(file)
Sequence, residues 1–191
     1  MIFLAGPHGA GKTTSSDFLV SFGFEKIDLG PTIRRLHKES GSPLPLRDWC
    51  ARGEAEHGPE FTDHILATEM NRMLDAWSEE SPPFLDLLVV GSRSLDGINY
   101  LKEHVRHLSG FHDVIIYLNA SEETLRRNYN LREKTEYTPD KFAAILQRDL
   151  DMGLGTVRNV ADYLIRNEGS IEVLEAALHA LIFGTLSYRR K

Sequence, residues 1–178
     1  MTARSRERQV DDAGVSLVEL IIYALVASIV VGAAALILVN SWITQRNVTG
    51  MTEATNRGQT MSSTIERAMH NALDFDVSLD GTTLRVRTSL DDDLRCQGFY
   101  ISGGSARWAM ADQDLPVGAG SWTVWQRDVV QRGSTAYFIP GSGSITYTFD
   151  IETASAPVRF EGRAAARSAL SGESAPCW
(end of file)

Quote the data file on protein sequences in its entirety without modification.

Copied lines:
Sequence, residues 1–191
     1  MIFLAGPHGA GKTTSSDFLV SFGFEKIDLG PTIRRLHKES GSPLPLRDWC
    51  ARGEAEHGPE FTDHILATEM NRMLDAWSEE SPPFLDLLVV GSRSLDGINY
   101  LKEHVRHLSG FHDVIIYLNA SEETLRRNYN LREKTEYTPD KFAAILQRDL
   151  DMGLGTVRNV ADYLIRNEGS IEVLEAALHA LIFGTLSYRR K

Sequence, residues 1–178
     1  MTARSRERQV DDAGVSLVEL IIYALVASIV VGAAALILVN SWITQRNVTG
    51  MTEATNRGQT MSSTIERAMH NALDFDVSLD GTTLRVRTSL DDDLRCQGFY
   101  ISGGSARWAM ADQDLPVGAG SWTVWQRDVV QRGSTAYFIP GSGSITYTFD
   151  IETASAPVRF EGRAAARSAL SGESAPCW